FM

KIBB (B100) – Los Angeles – 8/31/97 (LABOR DAY WKND ’97) – Benny Martinez

Following the “worst-to-first” success of New York’s WKTU in 1996, a number of stations around the U.S. attempted similar formats (essentially Rhythmic AC) in their markets. B100 was one example – but the station never came close to achieving KTU-like numbers.  This aircheck features B100’s “All about the 80’s Weekend”, from Labor Day Weekend 1997, hosted by longtime Southern California air personality Benny Martinez. About 2 months later, B100 flipped to Rhythmic Oldies as Mega 100.  With its instant (but ultimately short-lived) success, the station became the “KTU” for its own format — numerous clones popped up nationwide as part of the “Jammin Oldies” fad. A decade later, Emmis jumped on the “Movin” bandwagon, bring...

WGCI (107.5) – Chicago – 8/21/98 – Armando Rivera & Scott Smokin’ Silz

This is a sample of Friday night “Club 107.5” mixshow programming on Chicago’s heritage Urban Contemporary station, WGCI. It was hosted by Armando Rivera with mixes provided by Scott Smokin’ Silz – both of whom worked at the legendary WBMX (102.7) during the 1980’s. At this time, the station (or at least the Club 107.5 mixshow) employed an outstanding high-energy voice talent in Pat Garrett. More information about the history of WBMX (specifically, the “Hot Mix 5” of which Scott Smokin’ Silz was a member) can be found HERE.  

WBBM-FM (B96) – Chicago – 8/13/97 – Terry Foxx

Musically, 1997 was a year of transition for B96. In comparison to previous years, the station began phasing out much of the Dance music that had defined its sound over the prior decade or so. Yet, at this time, B96 still positioned itself as “Chicago’s Dance Beat”, fueling the launch of a suburban competitor earlier in the summer.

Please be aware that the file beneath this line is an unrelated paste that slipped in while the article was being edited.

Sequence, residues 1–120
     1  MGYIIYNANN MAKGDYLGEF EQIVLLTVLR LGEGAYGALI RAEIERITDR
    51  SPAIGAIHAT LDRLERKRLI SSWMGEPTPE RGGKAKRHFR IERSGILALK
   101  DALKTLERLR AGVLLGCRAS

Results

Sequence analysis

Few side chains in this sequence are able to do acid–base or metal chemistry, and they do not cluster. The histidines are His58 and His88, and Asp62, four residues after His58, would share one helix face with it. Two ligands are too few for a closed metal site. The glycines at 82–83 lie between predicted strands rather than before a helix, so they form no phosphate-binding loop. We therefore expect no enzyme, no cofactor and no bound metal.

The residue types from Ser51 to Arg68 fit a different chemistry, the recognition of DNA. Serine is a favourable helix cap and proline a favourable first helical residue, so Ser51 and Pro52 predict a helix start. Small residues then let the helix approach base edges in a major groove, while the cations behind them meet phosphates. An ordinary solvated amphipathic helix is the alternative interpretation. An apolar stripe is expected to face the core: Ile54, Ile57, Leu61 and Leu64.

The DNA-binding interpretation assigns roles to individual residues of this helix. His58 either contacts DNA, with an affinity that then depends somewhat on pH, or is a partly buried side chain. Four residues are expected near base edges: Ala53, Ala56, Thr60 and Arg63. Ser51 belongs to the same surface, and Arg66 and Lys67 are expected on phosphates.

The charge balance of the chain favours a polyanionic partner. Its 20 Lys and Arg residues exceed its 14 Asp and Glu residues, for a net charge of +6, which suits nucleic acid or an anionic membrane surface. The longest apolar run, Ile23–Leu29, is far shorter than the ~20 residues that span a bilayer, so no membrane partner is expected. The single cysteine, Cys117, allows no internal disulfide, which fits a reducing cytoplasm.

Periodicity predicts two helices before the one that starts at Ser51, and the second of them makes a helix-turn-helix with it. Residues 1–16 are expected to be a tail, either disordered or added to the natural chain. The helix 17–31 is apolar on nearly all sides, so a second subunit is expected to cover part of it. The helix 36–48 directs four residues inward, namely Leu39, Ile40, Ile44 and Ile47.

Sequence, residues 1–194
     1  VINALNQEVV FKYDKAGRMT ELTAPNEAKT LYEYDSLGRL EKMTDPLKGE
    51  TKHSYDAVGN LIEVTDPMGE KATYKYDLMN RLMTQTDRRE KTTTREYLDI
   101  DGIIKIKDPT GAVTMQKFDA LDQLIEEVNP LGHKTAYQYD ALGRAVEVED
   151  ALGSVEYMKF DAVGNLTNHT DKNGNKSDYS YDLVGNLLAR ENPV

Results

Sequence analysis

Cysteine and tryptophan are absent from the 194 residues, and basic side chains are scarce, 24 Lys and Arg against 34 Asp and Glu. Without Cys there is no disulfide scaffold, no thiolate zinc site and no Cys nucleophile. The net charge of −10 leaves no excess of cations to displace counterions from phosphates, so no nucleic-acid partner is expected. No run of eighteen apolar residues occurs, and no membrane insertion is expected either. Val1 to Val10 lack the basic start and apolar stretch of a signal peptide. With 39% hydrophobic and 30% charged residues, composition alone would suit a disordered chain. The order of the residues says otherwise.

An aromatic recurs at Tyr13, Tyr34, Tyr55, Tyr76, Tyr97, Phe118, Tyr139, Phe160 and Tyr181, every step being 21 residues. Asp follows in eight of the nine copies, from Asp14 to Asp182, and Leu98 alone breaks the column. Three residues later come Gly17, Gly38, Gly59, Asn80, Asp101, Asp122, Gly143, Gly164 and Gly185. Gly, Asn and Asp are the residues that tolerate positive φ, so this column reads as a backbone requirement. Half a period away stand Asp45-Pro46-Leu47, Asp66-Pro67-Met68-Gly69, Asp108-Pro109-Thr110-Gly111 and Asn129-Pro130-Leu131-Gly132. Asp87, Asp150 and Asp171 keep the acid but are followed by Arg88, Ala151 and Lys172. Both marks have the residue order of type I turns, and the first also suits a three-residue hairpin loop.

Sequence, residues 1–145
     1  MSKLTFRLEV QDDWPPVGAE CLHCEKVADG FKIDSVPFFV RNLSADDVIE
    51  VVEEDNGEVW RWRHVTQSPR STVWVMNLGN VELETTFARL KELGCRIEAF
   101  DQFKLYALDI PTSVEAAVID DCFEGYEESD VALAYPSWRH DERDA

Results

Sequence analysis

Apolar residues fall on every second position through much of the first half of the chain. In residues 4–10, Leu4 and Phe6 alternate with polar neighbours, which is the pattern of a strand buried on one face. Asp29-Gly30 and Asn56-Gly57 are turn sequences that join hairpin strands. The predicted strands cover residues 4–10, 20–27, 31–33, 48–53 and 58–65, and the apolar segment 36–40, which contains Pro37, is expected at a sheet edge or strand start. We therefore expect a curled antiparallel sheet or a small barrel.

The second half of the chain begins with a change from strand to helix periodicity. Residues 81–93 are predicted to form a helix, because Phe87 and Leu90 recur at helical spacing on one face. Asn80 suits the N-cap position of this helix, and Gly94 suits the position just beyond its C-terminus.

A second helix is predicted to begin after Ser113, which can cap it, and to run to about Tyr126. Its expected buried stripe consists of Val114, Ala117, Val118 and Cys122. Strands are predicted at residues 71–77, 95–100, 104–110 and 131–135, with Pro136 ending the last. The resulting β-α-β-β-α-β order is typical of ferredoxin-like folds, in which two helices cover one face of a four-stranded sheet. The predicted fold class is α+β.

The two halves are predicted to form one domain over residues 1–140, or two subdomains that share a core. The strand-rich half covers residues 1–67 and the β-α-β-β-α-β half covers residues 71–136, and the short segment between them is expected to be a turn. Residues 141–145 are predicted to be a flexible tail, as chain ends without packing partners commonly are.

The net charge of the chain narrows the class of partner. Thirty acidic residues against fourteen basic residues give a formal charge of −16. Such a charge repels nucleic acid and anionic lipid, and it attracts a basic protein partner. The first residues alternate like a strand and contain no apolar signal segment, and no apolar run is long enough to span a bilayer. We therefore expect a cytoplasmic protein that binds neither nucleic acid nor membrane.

KPTY (103-9 the Party) – Gilbert/Phoenix, AZ – 8/3/00 – Rudeboy

In the late 1990’s and early 2000’s, 103.9 FM — which targeted the Phoenix area from rural/suburban signals –  held a number of different formats. It began in the Spring of 1996 with a six-month Rhythmic Oldies stunt format named “S-T-E-V-E”. On October 30th of that year, it officially signed on as “The New 103.9, Arizona’s Party Station”, with a hip-hop-oriented Rhythmic CHR format and enjoyed impressive ratings (especially considering the signal limitations).  Its target, the more dance/pop/R&B-oriented KKFR “Power 92”, took notice and transformed itself into a pure hip-hop/R&B station within 9 months. A year later, 103.9 FM (whose calls had become KPTY) went in a completely different direction, offering a mix of a...

KSIQ (Q96) – Brawley/El Centro, CA – 2000 – Bill Stewart, Mary Jesse

“From Baja to the North Shore, from Pine Valley to Arizona’s Door”. Q96 was one of the best-sounding CHRs I’ve ever heard, and it’s more impressive upon realizing that the area it served (the Imperial Valley in far Southern California) was/is not even rated by Arbitron.  It offered great music, air talent, and production values. This aircheck was recorded sometime in 2000 (presumably in the Summer or Fall, judging by the mention of the 100+ degree temperatures).  Please note that this montage represents two separate segments (one at the end of morning drive, and the other in late afternoon drive), so certain songs are heard twice. Sadly, in an effort to garner more advertising dollars, the owners of Q96 made an attempt to move the station’s signal closer...

KOY-FM (Y95) – Phoenix – Summer ’93 – Bo and Jamie